1. 14 Developing Pricing Strategies and Programs. Chapter Questions. How do consumers process and evaluate prices? How should a company set prices initially for products or services? How should a company adapt prices to meet varying circumstances and opportunities?
TaxSynonyms for Price
Threats to major airlines by discount carriers.
Pressures on drug companies to reduce prices.
Intense price competition on supermarket chains.
Threats to strong brands by counterfeit products.
STRATEGIC ROLE OF PRICE Companies
…requires that we put pricing at the beginning of the process. For example, a multi-part marketing strategy usually is required in value-based pricing. Airlines’ complicated service packages with arcane restrictions, and their multiple channels of distribution must support pricing that reflects different values of the service to different segments. Without such a strategy, airlines would capture a much smaller portion of the value they have the potential to create.
T. Nagle, Marketing News, 11/9/98, 4.
STRATEGIC ROLE OF PRICE Companies
‘”Part of the reason that pricing is misused and poorly understood is the common practice of making it the last marketing decision. We think that we must design products, communication plans, and a method of distribution before we have something to price. We then use pricing tactically to capture whatever value we can.”
“Fair price” Companies
Last price paid
Expected future price
Usual discounted pricePossible Consumer Reference Prices
Overvalued Brands Companies
ChryslerConsumer Perceptions vs. Reality for Cars
levels of production
Beliefs and expectations can affect more than judgments and subjective consumption experiences.
Can consuming an energy drink that is purchased at a discount lead not only to judgments of lower quality or to a less favorable consumption experience and even less productive activities?
Price can also trigger a placebo effect.
What kind of pricing strategy? They Pay For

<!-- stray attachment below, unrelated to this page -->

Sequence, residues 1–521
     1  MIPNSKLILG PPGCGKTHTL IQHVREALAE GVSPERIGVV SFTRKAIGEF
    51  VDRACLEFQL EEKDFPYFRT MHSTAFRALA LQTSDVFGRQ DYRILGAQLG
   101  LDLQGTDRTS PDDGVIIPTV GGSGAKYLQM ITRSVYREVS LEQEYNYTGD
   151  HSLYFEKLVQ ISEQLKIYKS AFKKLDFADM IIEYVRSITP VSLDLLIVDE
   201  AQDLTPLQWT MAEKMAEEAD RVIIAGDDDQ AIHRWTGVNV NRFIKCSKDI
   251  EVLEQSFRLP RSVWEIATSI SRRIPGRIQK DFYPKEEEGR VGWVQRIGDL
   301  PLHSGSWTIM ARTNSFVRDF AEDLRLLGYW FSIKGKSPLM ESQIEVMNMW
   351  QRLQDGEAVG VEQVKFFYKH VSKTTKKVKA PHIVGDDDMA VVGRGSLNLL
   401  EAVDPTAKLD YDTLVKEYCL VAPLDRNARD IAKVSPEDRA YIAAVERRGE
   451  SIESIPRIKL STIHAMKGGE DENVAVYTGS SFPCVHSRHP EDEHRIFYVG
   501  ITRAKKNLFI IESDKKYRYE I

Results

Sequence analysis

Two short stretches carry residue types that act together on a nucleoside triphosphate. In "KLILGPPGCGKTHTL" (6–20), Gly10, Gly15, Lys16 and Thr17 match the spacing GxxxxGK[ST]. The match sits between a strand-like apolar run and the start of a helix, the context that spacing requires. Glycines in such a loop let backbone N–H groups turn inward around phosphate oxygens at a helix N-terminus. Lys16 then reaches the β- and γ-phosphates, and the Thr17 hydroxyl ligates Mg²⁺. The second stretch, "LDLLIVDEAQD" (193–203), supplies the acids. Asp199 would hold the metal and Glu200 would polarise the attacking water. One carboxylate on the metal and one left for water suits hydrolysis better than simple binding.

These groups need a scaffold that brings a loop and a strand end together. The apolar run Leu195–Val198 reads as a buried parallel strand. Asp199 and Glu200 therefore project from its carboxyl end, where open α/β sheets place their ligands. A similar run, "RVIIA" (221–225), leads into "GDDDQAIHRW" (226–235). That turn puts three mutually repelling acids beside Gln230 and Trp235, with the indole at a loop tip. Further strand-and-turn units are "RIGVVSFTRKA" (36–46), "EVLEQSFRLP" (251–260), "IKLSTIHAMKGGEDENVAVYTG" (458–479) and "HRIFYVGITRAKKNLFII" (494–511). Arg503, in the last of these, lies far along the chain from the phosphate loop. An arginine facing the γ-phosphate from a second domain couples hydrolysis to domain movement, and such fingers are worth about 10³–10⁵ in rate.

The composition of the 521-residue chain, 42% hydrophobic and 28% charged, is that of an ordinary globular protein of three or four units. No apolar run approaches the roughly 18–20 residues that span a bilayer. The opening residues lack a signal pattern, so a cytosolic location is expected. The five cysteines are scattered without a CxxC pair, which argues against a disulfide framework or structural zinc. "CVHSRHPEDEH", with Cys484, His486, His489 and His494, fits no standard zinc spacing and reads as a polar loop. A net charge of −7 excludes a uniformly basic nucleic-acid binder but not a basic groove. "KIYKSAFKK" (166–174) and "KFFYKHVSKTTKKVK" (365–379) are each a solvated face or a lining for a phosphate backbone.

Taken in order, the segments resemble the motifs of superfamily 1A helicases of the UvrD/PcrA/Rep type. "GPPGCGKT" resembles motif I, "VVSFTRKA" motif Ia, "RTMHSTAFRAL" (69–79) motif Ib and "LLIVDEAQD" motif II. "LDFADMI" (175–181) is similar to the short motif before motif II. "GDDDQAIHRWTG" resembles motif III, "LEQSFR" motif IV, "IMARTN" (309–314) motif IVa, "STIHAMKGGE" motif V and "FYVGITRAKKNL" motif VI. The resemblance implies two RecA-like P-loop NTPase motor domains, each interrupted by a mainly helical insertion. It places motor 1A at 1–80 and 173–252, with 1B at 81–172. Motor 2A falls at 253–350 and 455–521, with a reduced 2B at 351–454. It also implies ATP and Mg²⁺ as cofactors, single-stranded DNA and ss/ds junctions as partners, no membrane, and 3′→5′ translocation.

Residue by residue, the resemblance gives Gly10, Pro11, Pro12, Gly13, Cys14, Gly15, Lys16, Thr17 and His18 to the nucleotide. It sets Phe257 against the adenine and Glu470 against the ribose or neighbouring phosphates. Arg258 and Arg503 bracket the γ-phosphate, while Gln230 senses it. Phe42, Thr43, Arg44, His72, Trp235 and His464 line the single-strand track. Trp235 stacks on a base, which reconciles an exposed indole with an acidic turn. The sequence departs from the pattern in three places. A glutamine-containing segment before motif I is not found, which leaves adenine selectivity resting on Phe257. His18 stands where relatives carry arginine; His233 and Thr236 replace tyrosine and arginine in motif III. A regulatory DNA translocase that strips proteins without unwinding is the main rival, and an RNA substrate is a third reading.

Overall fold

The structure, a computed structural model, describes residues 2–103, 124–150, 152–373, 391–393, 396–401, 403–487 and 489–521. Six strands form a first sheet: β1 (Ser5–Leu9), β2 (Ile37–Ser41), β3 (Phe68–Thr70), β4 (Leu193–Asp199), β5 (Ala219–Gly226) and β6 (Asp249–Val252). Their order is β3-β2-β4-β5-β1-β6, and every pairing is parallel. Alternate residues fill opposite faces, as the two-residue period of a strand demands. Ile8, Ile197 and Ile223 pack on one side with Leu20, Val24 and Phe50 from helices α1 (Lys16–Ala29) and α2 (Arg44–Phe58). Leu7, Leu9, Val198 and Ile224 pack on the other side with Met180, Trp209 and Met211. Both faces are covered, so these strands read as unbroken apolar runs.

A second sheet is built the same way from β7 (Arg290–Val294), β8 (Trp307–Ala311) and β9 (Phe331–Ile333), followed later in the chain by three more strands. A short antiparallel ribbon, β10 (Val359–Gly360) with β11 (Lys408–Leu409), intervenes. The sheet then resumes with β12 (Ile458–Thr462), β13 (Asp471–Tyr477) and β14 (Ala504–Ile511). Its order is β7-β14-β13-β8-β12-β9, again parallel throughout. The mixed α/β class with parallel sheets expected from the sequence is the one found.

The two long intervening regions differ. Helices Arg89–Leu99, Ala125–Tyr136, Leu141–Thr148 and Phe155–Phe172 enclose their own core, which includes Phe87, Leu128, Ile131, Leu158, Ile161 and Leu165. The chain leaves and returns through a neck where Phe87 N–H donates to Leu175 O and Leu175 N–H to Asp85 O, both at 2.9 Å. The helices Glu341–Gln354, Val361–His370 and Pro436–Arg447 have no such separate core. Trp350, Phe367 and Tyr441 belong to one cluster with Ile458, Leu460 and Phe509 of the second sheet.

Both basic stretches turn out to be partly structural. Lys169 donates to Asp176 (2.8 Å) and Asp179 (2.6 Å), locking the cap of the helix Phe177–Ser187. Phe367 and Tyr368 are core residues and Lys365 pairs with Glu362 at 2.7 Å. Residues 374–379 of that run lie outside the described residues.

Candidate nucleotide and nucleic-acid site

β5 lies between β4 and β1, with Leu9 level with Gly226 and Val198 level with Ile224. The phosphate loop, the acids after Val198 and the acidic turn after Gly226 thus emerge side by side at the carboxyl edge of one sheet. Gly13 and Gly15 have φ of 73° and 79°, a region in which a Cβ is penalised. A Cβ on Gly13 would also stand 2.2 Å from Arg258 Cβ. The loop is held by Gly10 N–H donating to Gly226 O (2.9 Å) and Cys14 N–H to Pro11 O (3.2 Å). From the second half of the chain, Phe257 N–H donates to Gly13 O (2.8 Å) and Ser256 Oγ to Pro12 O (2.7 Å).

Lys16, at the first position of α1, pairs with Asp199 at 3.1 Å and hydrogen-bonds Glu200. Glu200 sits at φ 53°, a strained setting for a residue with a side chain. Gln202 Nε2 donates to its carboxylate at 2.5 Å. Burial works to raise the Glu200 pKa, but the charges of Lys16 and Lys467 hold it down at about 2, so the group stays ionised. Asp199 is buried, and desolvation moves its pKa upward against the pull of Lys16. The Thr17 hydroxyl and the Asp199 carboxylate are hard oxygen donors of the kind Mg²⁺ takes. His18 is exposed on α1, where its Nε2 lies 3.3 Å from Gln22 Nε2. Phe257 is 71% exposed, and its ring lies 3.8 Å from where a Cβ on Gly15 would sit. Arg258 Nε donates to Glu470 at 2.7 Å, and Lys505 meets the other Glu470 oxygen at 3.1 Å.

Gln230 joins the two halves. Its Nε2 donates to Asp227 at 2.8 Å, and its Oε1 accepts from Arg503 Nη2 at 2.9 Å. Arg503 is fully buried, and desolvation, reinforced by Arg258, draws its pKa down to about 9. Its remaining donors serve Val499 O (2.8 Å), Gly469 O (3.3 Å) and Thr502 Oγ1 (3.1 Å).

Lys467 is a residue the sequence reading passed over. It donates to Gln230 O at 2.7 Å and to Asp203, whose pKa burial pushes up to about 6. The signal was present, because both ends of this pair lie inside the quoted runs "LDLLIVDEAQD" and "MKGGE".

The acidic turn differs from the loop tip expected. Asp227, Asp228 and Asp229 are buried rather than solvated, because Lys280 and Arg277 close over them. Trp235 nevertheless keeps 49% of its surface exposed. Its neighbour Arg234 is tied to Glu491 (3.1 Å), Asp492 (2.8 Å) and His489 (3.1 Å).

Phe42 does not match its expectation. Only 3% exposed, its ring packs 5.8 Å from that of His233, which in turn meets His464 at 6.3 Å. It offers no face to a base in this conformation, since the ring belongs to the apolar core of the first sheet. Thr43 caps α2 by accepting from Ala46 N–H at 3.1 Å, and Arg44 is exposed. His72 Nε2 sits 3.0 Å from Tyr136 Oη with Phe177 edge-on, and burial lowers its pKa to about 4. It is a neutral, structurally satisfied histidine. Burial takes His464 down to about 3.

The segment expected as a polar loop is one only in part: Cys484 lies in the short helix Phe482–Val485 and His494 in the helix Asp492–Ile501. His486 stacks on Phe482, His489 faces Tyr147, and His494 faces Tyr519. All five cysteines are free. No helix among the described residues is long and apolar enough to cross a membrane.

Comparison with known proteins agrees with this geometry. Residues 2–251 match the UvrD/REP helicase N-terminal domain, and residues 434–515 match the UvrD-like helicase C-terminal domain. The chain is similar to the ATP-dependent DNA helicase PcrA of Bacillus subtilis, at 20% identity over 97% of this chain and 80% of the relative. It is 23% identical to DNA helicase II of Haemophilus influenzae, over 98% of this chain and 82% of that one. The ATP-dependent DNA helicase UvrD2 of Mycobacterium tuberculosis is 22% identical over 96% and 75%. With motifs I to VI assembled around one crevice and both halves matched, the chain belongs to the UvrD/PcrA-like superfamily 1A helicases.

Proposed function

Consumers' beliefs and expectations, shaped by experiences in their daily lives, often influence their judgments of products and services.
Marketing actions, such as pricing, can alter the actual efficacy of products to which they are applied.
This is called the ‘placebo effect’ which stems fro: the activation of expectancies about the efficacy of the product, a process that appears not to be conscious.
Placebo phenomenon in the medical domain. Patients' beliefs and expectations about the treatment they are receiving (e.g., an antidepression medication) can yield real changes to their health, even if the treatment is actually inert and has no inherent power to produce health effects (e,g., an inert sugar pill that lcx)ks like the antidepression medication).
Two notions are believed to account for placebo effects: expectancy theory and classical conditioning.
According to expectancy theory, placebo effects arise because beliefs about a substance/procedure serving as a placebo activate expectations that a particular effect will occur, which then affect the subsequent effectiveness of the substance/procedure.
The classical conditioning view considers consuming substances with known therapeutic effects to be conditioning trials.
A study in which 38 members of a fitness center who exercised regularly (at least three times a week) consumed Twinlab Ultra Fuel before and during a workout session.
Before consuming the energy drink, participants were shown the list of its ingredients and were told that the drink was from the most recently manufactured batch.
One group of participants was told that we purchased the drink at the regular price of $2.89; another group was told that the regular price of the drink was $2.89 but that we had purchased it at a discounted price of $.89 because we bought it in bulk as institutional purchase.
After exercising, participants rated the intensity of their workout on a scale that ranged from -3 ("not at all intense") to +3 ("very intense") and how fatigued they felt on a scale that ranged frotn 1 ("not at all") to 7 ("very").
The results show that participants in the reduced-price condition rated their workout intensity as lower (M = -.4) than did those in the regular-price condition (M = .6; F( 1, 36) = 7.5, p < .01 ), and participants in the reduced-price condition indicated that they were more fatigued (M = 4.5) than did those in the regular-price condition (M = 3.7; F(l. 36) = 3.5, p < .10).
Number of Puzzles Solved
Low expectancy strength
High expectancy strength
Notes: The number of puzzles solved in the control condition = 9.1.